But VHC’s plans have consistently run into opposition over the last few months, with neighbors worried that the new buildings will tower over residential neighborhoods in the area and transit advocates fretting that the large new garage will spur hospital employees to choose driving over more environmentally friendly transportation options.
The hospital addressed the latter concern by slightly shrinking the size of the garage from 2,093 spaces down to about 1,800, but the neighbors’ concerns about density proved persuasive to the Planning Commission. While they can only recommend that the County Board push back its planned Sept. 22 vote on the project, with the final decision resting with the Board itself, the commission forcefully outlined a series of changes they hope to see to the expansion effort before it becomes a reality.
“We all know it’s necessary, but we want to be respectful to the neighbors to north of the property as well as to the south,” said Commission Vice Chair James Schroll.
Specifically, the commission wants to see the hospital move some of the largest buildings toward the center of the land it hopes to acquire, which is bounded by 19th Street N. and N. Edison Street. Commissioners were perturbed that the current plans place some of the tallest structures just across the street from single family homes — Commission Chair Jane Siegel compared the new design to a “wall” between the hospital and the nearby neighborhoods.
“You’re not transitioning to other large buildings, you’re transitioning to single family neighborhoods,” said Commissioner Nancy Iacomini.
Nan Walsh, an attorney representing VHC, argued that the hospital was doing all it could to provide the necessary setbacks and vegetation to help the new structures blend into the neighborhood. However, she stressed that the hospital is fundamentally constrained by the fact it will someday seek to fully redevelop its existing campus and is looking to build on “every single inch of land” it owns in the area.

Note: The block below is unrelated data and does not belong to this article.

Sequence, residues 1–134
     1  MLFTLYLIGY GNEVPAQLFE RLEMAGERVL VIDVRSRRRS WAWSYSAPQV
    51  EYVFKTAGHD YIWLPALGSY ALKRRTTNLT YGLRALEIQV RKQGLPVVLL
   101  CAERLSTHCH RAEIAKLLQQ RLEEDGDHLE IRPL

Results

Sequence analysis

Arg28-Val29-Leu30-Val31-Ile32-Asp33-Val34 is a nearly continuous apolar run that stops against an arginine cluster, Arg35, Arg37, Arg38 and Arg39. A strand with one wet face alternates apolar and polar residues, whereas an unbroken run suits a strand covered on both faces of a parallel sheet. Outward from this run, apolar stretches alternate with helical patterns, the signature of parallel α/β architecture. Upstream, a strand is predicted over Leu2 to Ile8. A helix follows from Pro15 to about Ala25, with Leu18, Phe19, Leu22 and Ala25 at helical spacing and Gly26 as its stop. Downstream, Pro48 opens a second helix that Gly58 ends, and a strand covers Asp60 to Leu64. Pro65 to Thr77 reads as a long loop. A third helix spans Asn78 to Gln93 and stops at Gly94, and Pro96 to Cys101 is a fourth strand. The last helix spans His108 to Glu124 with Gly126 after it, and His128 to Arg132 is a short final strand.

“We have 10 very, very old buildings there, but we can’t take them down until we construct these new buildings to replace them,” Walsh said. “This is it for us.”
Walsh doesn’t expect any redevelopment of the existing hospital campus to take place over the next 10 years, but she repeatedly stressed that VHC will eventually need to make such an overhaul happen.
Accordingly, commissioners frequently wondered why they couldn’t pursue a more holistic “phased development site plan” process, similar to the one developers are currently pursuing for the PenPlace project in Pentagon City. Such a planning process would give the county a chance to study each phase of the hospital’s development as it proceeds, and it’s one commissioners urged VHC to consider going forward.
“The hospital is an amazing resource to the community and we want it to be the best it possibly can, and the way to do that’s through a PDSP,” said Commissioner James Lantelme. “That will help it fit into its community as best as it possibly can.”
Plans seem to be taking shape for a full redevelopment of the Harris Teeter and adjacent Mercedes Benz dealership lot in Ballston.
The grocery store’s owners are hoping to team up with a Georgia-based developer to build 700 residential units on the property with 83,600 square feet of retail on the ground floor of two buildings, including a newly renovated Harris Teeter store to replace the existing location.
The plans match the county’s long-term goal of transforming the Glebe Road property into a mixed-use community.